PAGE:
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Zimbabwe’s youth should be the leading voice for change

Youth protests against inequality – specifically for free or low-cost education – have led to successful changes in government action, particularly in South Africa.

Today marks the 41st anniversary of the 1976 Soweto Youth Uprising and reminds us of the power of young people.

South Africa’s environment is conducive to effecting change in government – the constitution protects and enables freedom of association and expression through demonstrations.

This however is not the case in neighbouring Zimbabwe.

Last year police gazetted a protest ban after unprecedented numbers of citizens, under #ThisFlag, publicly expressed their disappointment with the state of Zimbabwe following years of President Robert Mugabe’s misrule.

Under the Public Order and Security Act, marches, community discussions and demonstrations that are deemed to be political are punishable by law.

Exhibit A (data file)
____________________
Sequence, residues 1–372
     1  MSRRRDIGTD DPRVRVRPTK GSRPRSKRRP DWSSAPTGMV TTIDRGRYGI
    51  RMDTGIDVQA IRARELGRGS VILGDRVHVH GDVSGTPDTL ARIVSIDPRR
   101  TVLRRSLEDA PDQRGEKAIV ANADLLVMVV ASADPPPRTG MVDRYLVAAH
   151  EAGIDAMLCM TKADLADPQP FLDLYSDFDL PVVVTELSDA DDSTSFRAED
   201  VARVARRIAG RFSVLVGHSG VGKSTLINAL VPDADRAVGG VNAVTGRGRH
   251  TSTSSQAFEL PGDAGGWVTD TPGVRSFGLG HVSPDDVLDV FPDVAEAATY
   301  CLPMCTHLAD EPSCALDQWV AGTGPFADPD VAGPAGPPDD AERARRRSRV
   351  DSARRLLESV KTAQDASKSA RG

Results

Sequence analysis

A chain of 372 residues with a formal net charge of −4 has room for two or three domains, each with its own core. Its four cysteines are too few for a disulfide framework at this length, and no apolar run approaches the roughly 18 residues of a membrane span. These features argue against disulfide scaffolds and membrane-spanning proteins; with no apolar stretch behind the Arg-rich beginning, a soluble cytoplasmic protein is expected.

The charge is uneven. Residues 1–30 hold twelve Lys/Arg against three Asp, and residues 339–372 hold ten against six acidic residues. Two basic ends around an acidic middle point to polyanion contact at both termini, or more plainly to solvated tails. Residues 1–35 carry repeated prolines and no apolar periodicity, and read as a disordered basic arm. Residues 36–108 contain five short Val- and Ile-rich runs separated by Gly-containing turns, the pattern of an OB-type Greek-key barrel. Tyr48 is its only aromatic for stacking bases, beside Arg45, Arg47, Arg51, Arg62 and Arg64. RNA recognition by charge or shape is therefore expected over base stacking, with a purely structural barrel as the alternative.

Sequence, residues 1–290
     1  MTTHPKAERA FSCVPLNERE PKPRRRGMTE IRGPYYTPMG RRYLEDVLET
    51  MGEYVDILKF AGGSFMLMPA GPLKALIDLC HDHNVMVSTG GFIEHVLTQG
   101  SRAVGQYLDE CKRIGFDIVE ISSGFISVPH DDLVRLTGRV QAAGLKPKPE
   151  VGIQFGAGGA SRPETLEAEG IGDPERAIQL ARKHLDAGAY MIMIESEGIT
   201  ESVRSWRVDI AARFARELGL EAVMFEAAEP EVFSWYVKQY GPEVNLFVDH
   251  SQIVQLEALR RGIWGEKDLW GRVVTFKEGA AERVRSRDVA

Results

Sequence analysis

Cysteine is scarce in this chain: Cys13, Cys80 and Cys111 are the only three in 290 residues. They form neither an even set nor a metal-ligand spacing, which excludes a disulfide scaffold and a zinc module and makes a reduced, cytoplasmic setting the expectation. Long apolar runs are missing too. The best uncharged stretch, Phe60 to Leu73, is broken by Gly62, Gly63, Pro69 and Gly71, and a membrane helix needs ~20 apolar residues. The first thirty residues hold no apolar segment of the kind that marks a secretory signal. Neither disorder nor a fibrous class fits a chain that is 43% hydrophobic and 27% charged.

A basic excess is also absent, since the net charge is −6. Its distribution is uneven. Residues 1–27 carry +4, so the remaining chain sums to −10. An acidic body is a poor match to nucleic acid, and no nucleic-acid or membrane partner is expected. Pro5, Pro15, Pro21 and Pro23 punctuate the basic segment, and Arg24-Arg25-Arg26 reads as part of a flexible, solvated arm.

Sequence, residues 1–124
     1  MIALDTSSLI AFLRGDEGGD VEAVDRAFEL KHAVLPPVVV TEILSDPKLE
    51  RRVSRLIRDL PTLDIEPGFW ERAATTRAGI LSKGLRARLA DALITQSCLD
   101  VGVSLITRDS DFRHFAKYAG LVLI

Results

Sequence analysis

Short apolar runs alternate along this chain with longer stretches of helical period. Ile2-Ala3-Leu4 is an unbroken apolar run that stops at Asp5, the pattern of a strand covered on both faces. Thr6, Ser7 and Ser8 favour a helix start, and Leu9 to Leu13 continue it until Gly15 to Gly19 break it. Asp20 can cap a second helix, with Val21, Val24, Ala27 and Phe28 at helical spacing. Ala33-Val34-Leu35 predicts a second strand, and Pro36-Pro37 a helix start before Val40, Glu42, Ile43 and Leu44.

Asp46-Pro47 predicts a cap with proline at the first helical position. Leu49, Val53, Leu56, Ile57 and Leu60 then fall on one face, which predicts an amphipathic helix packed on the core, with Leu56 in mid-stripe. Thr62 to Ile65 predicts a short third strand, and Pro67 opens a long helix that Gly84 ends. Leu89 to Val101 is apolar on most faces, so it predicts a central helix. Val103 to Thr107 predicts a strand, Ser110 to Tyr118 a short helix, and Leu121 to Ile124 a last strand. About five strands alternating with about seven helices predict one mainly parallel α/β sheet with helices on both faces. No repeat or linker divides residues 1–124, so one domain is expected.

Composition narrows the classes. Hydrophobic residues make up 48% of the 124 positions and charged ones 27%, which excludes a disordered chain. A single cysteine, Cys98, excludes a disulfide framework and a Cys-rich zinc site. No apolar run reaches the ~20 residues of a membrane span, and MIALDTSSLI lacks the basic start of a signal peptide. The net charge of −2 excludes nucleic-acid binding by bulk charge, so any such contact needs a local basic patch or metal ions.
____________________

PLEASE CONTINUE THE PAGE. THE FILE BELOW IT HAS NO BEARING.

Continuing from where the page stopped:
But Zimbabwe’s youth are undeterred, and continue to protest ahead of the 2018 general elections.

A young person’s reality in Zimbabwe is one of high levels of poverty and a soaring unemployment rate, compounded by little opportunity to question the government in a free and fair forum.

The youth have had enough and are demanding that the government engage its citizens as it seeks electoral reforms.

But in the current climate, how can young people in Zimbabwe be empowered to enact change?

According to news reports, Zimbabwe’s government relies on its youth for political survival, using them as militias during elections to intimidate voters.

Zimbabwe’s next elections have the potential to turn violent, and the youth will have to be the positive voice of reason during that time.

But as history shows, it is unlikely that the government will use its youth as a positive force for change.

Providing young people with job opportunities, capacity building and learnerships to develop skills would probably gain the most traction, and help the youth become a force to be reckoned with. 

The United Nations (UN) and the African Union (AU) both provide frameworks for the engagement and empowerment of the youth.

But whether these can be implemented in Zimbabwe is debatable.

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